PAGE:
“We can't treat these people like numbers. There are people who are resilient enough to take it, but we have a lot of children traumatized by their migration history, a lot of women too. »
— Arthur Durieux, co-founder, Center Le Pont
The family was welcomed by Center Le Pont. It was co-founder Arthur Durieux who opened the doors to them, as he does for dozens of families each year.
This family was lucky because a room was ready, he said, while calling on governments to show humanity.
Subsequently, Juan and his family found an apartment. With his wife, they are now taking francization courses, their daughter is going to school and the couple has the firm intention of working and integrating in Quebec.
Arthur Durieux, co-founder of the organization Le Pont, residential center and services for asylum seekers
According to the Welcome Collective and the Canadian Council for Refugees (CCR), this type of situation was observed on several occasions during the summer, when the pressure on the reception system was at its maximum.
Same observation at Foyer du monde, which offers temporary accommodation to migrants. Its coordinator, Eva Gracia-Turgeon, opposes the transfer of people who want to settle permanently in Quebec.
According to her, a transfer is an additional burden for asylum seekers who have already applied for asylum in Quebec.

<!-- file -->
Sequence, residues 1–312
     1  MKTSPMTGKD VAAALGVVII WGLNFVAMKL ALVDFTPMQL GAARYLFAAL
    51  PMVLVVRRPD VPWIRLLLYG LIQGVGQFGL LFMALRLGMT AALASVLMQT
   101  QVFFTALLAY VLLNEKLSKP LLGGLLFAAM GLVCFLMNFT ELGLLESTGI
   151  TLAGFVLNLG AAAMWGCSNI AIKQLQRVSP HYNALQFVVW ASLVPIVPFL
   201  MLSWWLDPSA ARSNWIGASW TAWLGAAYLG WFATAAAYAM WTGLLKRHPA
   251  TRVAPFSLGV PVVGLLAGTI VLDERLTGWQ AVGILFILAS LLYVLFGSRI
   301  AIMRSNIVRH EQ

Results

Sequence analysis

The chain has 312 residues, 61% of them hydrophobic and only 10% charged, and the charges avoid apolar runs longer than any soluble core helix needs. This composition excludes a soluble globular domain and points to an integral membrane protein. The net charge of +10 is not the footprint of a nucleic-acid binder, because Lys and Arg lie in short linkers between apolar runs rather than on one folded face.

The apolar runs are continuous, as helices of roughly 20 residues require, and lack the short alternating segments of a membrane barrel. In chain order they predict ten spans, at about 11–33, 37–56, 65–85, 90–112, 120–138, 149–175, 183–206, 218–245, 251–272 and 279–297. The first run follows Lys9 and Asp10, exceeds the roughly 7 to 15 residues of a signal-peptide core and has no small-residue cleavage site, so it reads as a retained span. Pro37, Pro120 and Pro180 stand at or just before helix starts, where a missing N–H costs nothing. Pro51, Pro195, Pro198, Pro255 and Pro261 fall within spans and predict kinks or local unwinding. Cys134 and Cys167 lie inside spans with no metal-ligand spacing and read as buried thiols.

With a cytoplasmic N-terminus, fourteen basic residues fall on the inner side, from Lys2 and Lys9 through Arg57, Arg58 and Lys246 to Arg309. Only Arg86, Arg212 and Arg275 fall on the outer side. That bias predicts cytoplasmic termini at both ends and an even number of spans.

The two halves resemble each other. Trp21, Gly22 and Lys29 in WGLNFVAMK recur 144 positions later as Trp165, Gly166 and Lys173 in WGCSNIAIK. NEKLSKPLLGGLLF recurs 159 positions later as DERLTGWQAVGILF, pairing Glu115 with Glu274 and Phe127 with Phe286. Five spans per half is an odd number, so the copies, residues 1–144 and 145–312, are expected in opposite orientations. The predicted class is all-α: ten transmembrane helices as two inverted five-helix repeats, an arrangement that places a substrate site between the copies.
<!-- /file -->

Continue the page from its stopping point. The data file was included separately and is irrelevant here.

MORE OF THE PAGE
They then have to make complex changes to make track the application in another province. This complicates the management of the migratory route, she laments.
IRCC assures that information is provided to asylum seekers to help them modify their file and that they can have access to a support service, but, according to Eva Gracia-Turgeon, the situation is far from being ideal.
It creates an additional weight on people who don't know Ontario, people who left their country because they probably had problems of violence, exclaims Ms. Gracia-Turgeon.
Eva Gracia-Turgeon, coordinator of Foyer du monde
The Montreal organizations we consulted denounced the fact that transferred asylum seekers do not always understand the stakes of this trip.
Lack of communication, short period of reflection, language barrier, poor support… according to them, the care is far from optimal, in a context where the various government reception services are overwhelmed.
< blockquote class="styledBase__StyledBase-sc-1push81-0 hoOnuT blockquote is-long-quote">
“Some people don't trust law enforcement or government. When they get here, it's not that kind of action that's going to make them feel secure. It's not answering their questions to force them to do something without telling them what's going on.
— Eva Gracia-Turgeon, Coordinator, Foyer du monde
For its part, IRCC wrote to us that asylum seekers receive a document explaining where they will be transferred with answers to the most common questions, including financial aid.
Also according to IRCC, this document is available in several languages, including Creole, Spanish, Turkish and Arabic. The department maintains that a service provider is also available on site to answer questions from asylum seekers.